Professor James Kinglsand OBE, NAPC President and GP, shares his thoughts on how general practice has changed over the last few decades and reflects on the huge impact of technology on the NHS.
It was a particularly warm day for mid-February, as I remember, when I first started as a GP in St Hilary Brow Group Practice in Wallasey, Merseyside. I had accepted a two-week locum position prior to becoming a partner on the 1st of March 1989. Like many practices at that time, the premises had been converted from the family home of a GP, who was about to retire. Over the previous twenty years had been gradually converted into what was fairly standard for general practice at that time; consulting rooms that were once living rooms and dining rooms, and building extensions for treatment and meeting rooms.
Having been schooled in the relatively high tech environment of hospitals in the early 1980s, it was somewhat of a shock to be practicing medicine in a converted detached house. Whilst we set about a modernisation programme for that site as soon as I became a partner (and we have long since moved to a high tech purpose built premises fit for 21st century primary healthcare provision) it was still a piecemeal approach to providing a service comparible to what patients would receive in a hospital. In my national roles I still visit other general practices throughout the UK and see colleagues still struggling trying to provide a comprehensive community based service from old converted premises.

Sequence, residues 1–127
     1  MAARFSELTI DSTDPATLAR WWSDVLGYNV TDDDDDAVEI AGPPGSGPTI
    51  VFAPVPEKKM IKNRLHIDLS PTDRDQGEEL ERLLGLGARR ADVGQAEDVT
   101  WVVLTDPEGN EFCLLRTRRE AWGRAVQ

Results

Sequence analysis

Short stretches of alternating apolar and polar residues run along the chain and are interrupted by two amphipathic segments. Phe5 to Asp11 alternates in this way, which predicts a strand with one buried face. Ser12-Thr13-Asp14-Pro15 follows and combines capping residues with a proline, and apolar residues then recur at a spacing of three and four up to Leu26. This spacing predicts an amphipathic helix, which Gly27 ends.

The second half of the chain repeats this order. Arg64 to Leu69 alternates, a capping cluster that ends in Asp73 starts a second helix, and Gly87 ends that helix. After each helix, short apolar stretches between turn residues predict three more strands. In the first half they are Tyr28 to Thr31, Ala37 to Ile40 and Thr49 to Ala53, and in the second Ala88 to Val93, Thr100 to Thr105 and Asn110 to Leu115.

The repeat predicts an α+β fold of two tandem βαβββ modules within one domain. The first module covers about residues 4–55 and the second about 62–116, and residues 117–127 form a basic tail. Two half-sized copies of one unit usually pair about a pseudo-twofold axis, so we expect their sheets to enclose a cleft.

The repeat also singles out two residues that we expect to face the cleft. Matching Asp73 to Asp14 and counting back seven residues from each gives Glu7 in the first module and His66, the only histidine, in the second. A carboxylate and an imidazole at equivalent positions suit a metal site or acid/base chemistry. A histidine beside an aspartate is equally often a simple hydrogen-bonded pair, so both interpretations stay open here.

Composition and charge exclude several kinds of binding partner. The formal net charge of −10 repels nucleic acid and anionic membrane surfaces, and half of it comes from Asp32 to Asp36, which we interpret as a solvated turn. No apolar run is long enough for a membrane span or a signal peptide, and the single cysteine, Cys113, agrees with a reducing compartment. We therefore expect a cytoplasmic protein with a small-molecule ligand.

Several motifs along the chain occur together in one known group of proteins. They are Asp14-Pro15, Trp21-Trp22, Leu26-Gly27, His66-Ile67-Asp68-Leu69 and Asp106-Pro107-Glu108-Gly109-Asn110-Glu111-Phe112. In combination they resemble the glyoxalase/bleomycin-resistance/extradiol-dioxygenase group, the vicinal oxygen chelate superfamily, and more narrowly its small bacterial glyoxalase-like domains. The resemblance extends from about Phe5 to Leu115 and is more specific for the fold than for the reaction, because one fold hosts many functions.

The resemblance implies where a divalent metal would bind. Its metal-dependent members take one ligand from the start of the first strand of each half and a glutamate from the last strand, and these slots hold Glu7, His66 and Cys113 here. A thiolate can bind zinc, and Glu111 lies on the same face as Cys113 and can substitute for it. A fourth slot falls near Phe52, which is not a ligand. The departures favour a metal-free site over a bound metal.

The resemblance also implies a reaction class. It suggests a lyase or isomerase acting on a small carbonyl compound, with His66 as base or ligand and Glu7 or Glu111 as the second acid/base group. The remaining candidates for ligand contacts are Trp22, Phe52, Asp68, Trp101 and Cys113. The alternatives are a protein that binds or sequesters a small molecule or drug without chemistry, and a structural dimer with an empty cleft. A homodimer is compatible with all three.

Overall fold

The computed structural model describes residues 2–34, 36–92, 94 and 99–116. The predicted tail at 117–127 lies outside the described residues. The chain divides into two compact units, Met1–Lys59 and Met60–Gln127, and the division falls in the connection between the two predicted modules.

It’s only now that I reflect on the fact that at the time of becoming a GP partner the NHS was only forty years old. Indeed, I have been training or working in the NHS for a longer time now than the period which passed between the NHS inauguration and my entering medical school in Liverpool.
Many of the older population registered with the practice, even in 1989 still had a memory of when healthcare was not free at the point of need and not based on any individual’s ability to pay. Their younger and formative years were at a time when we did not have a National Health Service. However I was surprised, albeit in the late eighties, that when performing home visits to elderly patients, at the end of the visit I would still be asked how much and when they had to pay. This was quite surprising but following more in-depth discussion they would tell me that they remember old Dr Best (a long retired former GP at the practice) who used to go around to houses on a Friday evening on his bicycle to collect sixpence from those people he had visited during that week.
That memory is now erased from our society as there are very few people who have a recollection of a time before our NHS. Home visiting seemed less pressurised and more valuable at that time. A time to get to know not only the people registered with your practice but the conditions in which they lived, and also the time to have a cup of tea with them in their home; something I have not been able to do for many years. Visits to residents who were over seventy-five, were routine and part of the GP contract at the time, and efficiently performed at a time when demand within NHS and consultation rates were at least half of what they are today.